17 Pros and Cons of Modal Fabric

Modal fabric is a semi-synthetic product that comes from beech tree pulp. This textile is primarily used for undergarments, such as pajamas and underwear, but it is useful for some household items like towels or bedsheets too. It is technically a form of rayon, which is another plant-based option, with more flexibility and durability compared to the standard product.

You can mix modal fabric with other fibers to create hybrid clothing products with tremendous strength. You’ll find it mixed with spandex and cotton most often because it will have a softer feel against the skin while promoting more comfort.

Most modal fabric today is produced by Lenzing AG in Austria, although the textile was originally invented in Japan in the 1950s. You’ll find it sold under the brand names of Formatex, Lenzing Modal, and China Modal. It comes in a lighter version that is sometimes referred to as “MicroModal.”

If you’re thinking about adding this textile to your wardrobe choices, then here are some of the modal fabric pros and cons that you’ll want to review.

List of the Pros of Modal Fabric

1. Modal fabric is exceptionally absorbent.
When you use fabric to absorb moisture, cotton tends to be the item of choice because of how absorbent the material tends to be. If you use modal fabric instead, then you can boost the absorbency rate by up to 50%. That means you don’t need to deal with clammy clothing if you’ve been sweating throughout the day. Your kids will stay drier and more comfortable during their playtimes as well. Since the material comes from beechwood pulp, you’ll find that its natural properties encourage a lot of breathability.

2. The fiber yield per acre from the trees used is higher than cotton.
When you look at the Lenzing version of modal fabric, the textile is made from beech trees that grow through the use of sustainable methods. The yield of fibers from this process produces up to ten times more content than what can be taken from the typical cotton field. It also takes much less water to produce the fibers for use, as cotton requires up to 20 times more than the beech trees to produce a crop.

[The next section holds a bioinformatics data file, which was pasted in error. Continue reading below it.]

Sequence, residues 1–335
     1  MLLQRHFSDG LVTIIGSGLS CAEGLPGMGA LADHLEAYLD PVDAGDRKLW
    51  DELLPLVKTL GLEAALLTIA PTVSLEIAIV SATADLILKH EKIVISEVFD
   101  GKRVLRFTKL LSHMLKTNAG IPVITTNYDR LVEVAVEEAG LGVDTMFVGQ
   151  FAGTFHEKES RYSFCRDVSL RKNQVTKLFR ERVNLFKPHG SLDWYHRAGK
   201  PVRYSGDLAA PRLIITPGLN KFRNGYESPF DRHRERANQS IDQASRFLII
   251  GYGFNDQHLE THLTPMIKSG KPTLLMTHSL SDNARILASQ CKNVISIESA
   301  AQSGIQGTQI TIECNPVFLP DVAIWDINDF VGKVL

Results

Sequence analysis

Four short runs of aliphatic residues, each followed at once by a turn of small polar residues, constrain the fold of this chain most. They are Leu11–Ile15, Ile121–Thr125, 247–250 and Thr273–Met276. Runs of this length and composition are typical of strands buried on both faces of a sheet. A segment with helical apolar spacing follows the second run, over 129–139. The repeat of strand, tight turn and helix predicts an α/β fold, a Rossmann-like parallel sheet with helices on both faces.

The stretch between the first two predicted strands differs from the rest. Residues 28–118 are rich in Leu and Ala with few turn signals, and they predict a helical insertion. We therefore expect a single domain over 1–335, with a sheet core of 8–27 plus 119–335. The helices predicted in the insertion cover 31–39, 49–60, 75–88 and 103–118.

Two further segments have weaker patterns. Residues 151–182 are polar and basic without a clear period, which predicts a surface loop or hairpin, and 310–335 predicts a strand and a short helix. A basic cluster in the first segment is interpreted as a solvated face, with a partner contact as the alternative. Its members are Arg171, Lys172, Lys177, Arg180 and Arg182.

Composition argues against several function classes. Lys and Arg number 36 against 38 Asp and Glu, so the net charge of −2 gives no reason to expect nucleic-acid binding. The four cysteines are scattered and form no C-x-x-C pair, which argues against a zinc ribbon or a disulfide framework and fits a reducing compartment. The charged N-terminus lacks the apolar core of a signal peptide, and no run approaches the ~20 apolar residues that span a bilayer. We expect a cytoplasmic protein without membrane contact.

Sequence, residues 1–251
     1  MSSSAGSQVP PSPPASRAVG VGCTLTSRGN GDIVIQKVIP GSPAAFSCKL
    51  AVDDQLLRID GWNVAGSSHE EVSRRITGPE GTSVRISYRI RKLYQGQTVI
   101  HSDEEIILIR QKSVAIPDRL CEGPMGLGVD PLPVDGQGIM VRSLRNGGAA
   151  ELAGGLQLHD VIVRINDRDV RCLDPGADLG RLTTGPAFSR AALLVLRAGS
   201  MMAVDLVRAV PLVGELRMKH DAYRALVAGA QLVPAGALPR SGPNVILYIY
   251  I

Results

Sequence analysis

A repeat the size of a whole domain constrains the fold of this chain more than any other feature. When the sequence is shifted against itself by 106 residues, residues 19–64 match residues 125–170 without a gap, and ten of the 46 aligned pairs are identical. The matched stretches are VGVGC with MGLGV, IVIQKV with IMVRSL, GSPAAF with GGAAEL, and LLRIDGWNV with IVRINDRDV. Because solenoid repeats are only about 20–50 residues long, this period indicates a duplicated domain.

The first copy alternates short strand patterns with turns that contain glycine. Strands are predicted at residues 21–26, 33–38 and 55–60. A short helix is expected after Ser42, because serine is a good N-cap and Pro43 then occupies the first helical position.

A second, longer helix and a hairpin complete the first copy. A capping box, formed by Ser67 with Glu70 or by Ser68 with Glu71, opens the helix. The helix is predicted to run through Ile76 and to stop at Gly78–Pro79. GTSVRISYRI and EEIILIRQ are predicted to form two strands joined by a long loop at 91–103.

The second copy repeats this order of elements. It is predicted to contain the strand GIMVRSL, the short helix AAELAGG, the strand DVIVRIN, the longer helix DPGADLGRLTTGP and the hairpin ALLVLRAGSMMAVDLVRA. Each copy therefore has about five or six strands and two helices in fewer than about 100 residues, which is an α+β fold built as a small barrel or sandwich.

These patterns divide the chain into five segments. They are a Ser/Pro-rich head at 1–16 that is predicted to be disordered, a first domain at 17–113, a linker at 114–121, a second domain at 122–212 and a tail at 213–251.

3. Modal fabric uses less water in other ways as well.
When you use modal fabric for your daily needs, then you don’t need to use any whitening agents to clean your clothing. There isn’t a need to use fabric softener in the load either. You can even use a shorter washing cycle because of the nature of this material, which means you’re saving water and energy with every load of laundry you do. That makes this material one of the most eco-friendly options that is available today when you’re shopping for specific apparel items.

4. It provides a texture that is soft and smooth.
If you have ever slept in silk or satin sheets, then that is the only authentic comparison to what it is like to wear modal fabric. The texture is very smooth, providing a natural softness that is almost beyond compare in the textile industry today. These features mean it is a delicate fabric that requires gentle washing and mild detergents for proper care, but it won’t usually have that scratchy feeling like you can get with wool or some forms of cotton. It is a versatile material that will help you to stay comfortable in a variety of conditions.

5. Modal fabric can improve other materials.
You’ll find a mixture of fabrics that use modal because the nature of this product improves how several other materials operate. It is ideal for hygiene-related products, including medical items, because of its high absorbency rate. This material brings out the strengths of cotton when blended to resist shrinking over time while adding strength to the product. Modal even blends with lycra and spandex well to give the stretchable characteristics better flexibility and strength.

6. You can iron modal fabric if necessary.